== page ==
Friday, April 18, 2008

Epiphyte Club

From the United States Botanic Garden, the root system of an epiphyte that I thought would look interesting. I have a widescreen laptop so I took it with those proportions.

Tuesday, April 15, 2008

Rivane Neuenschwander, three times fast

I went to DC's modern art museum this weekend, and I particularly liked a video installation by the Brazilian artist Rivane Neuenschwander. You can see a description of it here. I wonder if she (and her collaborator) had to cover the confetti in honey or something to get the ants to clean up our human mess.

There's some more of her art here and here. The latter one is quite interesting because it's owned by MoMA; MoMA's director for many years was Nelson Rockefeller, who was also the head of the Office of the Coordinator of Inter-American Affairs during World War II, which sent Walt Disney to Brazil on goodwill tours during the war, which led to the creation of the Ze Carioca character, which Rivane's work criticizes/satirizes/comments on.

Saturday, April 12, 2008

Spring means capital fun

God made two things inherently beautiful, and I think I know why: flowers, to be attractive to bees, and derelict buildings in rural settings, to be attractive to looters. These are probably the easiest things to photograph in the world. The degree of difficulty is very low, though. It's very hard to do something surprising in those settings.

Thus most flower and derelict building photographs are mediocre. Nothing wrong with that: mediocre art is pretty, and pleasing for being so. But good art succeeds in showing us something in a new way, in getting us to see the familiar as something strange. That's why I'm not a good photographer yet, just a mediocre one. That's OK - I'm still thinking about how to get better. And if photography is my medium--and it has to be, since I can't draw or paint my way out of a Cubist-themed dance party--it's not going to be an easy one. "Photorealism" is inherent to the genre and to the technology, so it makes it challenging to produce something good, at least using the definitions laid out above. (Think about it: some of the best photographs you've ever seen use blurring or double-imagery or some other camera trick, pushing aside photorealism in favor of something genuinely illuminating.) Some of Nicole's best pictures, using light or lines in an unexpected way, achieve this. I'm still working on it.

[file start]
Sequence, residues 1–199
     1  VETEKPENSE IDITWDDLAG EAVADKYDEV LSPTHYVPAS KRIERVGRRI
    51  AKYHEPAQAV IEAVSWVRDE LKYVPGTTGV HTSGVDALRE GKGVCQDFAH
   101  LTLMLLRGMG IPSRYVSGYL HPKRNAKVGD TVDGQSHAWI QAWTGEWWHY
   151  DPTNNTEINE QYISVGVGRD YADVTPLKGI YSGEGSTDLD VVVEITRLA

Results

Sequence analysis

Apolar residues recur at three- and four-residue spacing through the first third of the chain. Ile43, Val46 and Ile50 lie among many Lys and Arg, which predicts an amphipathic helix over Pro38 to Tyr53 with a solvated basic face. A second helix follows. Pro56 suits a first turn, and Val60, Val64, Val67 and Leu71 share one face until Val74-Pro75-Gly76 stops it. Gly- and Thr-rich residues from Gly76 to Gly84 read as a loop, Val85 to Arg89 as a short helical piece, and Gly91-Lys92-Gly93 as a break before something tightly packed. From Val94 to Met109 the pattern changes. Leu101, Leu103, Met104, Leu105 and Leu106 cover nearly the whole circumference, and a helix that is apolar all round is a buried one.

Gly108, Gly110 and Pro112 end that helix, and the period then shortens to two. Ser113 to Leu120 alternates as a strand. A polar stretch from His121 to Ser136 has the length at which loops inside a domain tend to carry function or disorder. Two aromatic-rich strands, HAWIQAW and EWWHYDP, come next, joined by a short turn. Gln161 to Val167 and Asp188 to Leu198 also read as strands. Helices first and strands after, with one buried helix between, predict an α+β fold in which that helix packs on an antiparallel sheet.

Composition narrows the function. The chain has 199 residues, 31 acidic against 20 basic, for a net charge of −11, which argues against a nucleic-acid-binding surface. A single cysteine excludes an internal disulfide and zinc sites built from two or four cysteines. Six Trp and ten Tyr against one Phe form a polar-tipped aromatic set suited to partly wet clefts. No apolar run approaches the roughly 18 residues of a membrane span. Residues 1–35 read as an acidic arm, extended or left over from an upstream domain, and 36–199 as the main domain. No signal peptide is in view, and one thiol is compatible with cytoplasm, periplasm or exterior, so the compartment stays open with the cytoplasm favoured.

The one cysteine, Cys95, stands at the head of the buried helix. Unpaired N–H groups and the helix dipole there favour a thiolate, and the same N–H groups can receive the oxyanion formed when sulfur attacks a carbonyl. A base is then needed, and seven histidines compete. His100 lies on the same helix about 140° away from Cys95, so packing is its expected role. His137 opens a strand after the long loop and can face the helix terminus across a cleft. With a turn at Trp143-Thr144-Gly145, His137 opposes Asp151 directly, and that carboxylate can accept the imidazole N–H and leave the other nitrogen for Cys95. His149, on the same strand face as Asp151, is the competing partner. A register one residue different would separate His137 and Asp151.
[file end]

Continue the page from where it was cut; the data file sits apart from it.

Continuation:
But hey, it's springtime and I'm in Washington DC for two weeks of research! The bees have sprung fully formed from the ether, the cherry blossoms are falling to the ground, and open windows allow us to be irritated by our neighbors' behavior in ways that we had forgotten we could be over the long winter. Few things I like more, at such a juncture, than a walk in the woods, in this case DC's Whitehaven Parkway, near Georgetown University. The result: mediocre photographs. Sorry.

PS: There's another way to take good photographs, namely, to take them of people. Human beings are often quite interesting when frozen in time. But I don't have the social fortitude to do that. So I'll have to think of something else.

PPS: I didn't mean it about God; I meant the Flying Spaghetti Monster.

PPPS: I did try to take "good" pictures. I found these mushrooms on a log. The result is maybe mediocre+.

PPPPS: I went out twice today, and got rained on twice. It's been sunny the rest of the day. What does this mean? God didn't like my Flying Spaghetti Monster joke? But I hadn't even made it yet...but it's God...maybe he knew I'd make it.

PPPPPS: Maybe the Flying Spaghetti Monster didn't like my God reference in line 1, and that's why I got rained on.